Today we have a special treat! Two-for-one Western historical fiction with MK McClintock and Samantha St. Claire in the Whitcomb Springs series...
Whitcomb Springs by MK McClintock
In the spring of 1865, a letter arrives in Whitcomb Springs for Evelyn Whitcomb. The Civil War has ended and the whereabouts of her husband is unknown, but she doesn’t give up hope. With courage, the help of a friend, and the love of a people, Evelyn finds a way to face—and endure—the unexpected.
“Whitcomb Springs” is the introductory, stand-alone short story of the Whitcomb Springs series set in post-Civil War Montana.
Here's an excerpt
Whitcomb Springs, Montana Territory—April 25, 1865
The letter fluttered to the table. Evelyn stared at the sheet of paper but could no longer make out the words as they blurred together. Surrender. She prayed this day would come, they all had, and after four tortuous years, the war was finally over.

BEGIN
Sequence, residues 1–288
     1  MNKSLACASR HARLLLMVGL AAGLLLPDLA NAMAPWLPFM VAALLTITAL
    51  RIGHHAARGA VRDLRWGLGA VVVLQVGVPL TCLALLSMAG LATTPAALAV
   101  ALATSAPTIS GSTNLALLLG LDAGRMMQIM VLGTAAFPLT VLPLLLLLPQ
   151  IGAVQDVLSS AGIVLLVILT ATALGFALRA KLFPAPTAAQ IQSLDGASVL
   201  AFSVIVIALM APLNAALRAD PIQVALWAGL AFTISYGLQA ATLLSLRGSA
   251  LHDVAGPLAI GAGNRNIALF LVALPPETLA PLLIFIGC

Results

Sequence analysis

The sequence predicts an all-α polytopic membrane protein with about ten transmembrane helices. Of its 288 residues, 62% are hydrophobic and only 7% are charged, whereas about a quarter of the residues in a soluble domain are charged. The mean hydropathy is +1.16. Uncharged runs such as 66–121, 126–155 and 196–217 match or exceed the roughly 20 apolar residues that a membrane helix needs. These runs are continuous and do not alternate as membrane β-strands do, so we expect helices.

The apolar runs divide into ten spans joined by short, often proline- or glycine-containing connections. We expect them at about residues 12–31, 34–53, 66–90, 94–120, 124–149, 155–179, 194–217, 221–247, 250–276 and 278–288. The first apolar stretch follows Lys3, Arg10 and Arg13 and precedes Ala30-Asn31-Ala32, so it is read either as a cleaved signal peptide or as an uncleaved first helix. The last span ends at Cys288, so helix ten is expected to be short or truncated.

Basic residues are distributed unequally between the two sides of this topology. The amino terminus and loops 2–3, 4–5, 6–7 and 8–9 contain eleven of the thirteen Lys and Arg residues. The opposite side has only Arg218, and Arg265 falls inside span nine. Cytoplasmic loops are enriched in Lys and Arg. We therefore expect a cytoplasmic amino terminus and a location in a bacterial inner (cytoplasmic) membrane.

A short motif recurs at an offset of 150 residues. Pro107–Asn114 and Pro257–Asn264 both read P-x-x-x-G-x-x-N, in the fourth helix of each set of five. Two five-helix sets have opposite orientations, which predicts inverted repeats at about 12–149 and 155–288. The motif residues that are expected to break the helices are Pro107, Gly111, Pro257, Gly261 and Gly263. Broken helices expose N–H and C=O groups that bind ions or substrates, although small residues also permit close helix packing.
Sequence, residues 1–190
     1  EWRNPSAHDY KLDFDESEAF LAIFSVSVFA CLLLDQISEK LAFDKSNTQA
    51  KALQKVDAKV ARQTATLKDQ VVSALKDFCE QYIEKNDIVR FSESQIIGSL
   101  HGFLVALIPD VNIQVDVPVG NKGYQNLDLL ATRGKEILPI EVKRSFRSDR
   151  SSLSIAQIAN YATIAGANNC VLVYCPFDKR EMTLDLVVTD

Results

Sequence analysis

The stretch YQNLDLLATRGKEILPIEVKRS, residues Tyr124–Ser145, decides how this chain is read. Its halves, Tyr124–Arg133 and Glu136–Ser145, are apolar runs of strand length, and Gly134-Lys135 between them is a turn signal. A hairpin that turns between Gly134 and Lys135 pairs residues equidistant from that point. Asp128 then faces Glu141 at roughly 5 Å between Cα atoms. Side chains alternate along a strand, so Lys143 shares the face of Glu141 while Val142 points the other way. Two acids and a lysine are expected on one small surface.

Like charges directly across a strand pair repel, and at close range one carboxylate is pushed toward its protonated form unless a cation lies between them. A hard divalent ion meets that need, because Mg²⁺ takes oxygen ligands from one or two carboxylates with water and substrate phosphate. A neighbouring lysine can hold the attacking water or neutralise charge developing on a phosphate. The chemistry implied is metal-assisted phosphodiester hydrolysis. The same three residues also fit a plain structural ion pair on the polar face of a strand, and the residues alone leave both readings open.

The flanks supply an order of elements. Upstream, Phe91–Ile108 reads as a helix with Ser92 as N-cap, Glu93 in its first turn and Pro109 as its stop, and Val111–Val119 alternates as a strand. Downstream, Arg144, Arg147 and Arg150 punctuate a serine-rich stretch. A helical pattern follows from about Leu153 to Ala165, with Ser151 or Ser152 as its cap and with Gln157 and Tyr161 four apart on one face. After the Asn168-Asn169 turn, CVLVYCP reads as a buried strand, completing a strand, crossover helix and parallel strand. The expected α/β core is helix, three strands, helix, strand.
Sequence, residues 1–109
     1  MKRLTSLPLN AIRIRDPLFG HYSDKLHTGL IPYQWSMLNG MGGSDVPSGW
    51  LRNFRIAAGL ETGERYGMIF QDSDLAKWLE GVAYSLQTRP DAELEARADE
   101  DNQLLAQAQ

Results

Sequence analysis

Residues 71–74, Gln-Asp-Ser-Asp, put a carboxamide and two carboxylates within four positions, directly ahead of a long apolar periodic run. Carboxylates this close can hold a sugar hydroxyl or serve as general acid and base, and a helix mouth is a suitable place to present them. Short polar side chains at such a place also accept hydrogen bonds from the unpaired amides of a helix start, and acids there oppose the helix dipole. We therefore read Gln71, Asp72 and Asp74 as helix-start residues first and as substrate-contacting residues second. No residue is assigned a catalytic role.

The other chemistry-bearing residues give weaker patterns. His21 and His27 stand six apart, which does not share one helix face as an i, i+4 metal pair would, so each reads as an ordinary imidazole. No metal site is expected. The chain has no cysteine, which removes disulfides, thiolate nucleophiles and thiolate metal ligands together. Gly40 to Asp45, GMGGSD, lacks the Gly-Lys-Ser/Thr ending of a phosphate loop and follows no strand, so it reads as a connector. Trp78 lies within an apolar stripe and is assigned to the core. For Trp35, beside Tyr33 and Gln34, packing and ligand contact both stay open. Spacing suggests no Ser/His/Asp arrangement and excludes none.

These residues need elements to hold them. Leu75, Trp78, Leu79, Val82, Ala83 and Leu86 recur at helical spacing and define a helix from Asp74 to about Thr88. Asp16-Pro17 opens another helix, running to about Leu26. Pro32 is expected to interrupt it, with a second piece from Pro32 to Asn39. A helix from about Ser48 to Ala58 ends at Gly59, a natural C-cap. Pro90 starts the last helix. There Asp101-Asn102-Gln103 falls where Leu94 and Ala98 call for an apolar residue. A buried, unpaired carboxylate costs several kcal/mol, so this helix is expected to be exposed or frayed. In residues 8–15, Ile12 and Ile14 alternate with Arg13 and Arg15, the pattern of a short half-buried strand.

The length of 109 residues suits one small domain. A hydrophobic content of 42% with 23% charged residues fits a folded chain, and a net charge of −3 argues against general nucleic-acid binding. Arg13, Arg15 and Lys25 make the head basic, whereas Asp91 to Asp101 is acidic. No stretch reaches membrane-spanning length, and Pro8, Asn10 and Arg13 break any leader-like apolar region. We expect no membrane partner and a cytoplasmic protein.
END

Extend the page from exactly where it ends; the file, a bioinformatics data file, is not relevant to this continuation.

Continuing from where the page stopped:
There would be more capitulation on the part of the South, and too many families who would never see their men again . . . but it was over.
Separated, yet not untouched, from conflict, Evelyn Whitcomb lived in the same town her husband and their two friends founded one year before news of the Civil War reached them. By way of her sister, who lived in Rose Valley, Pennsylvania with their parents, they were kept informed as often as Abigail could get a letter through. Evelyn often wondered if she should have returned to Rose Valley to help with the war effort, much as her sister Abigail had done, yet she found the needs of Whitcomb Springs to be vast as the town continued to grow.
Many men and boys left, leaving their wives, mothers, and sisters behind to fight for a cause they didn’t fully understand, yet still felt it their duty to serve. Others remained behind to continue working in the mine and watch over those families with or without kin.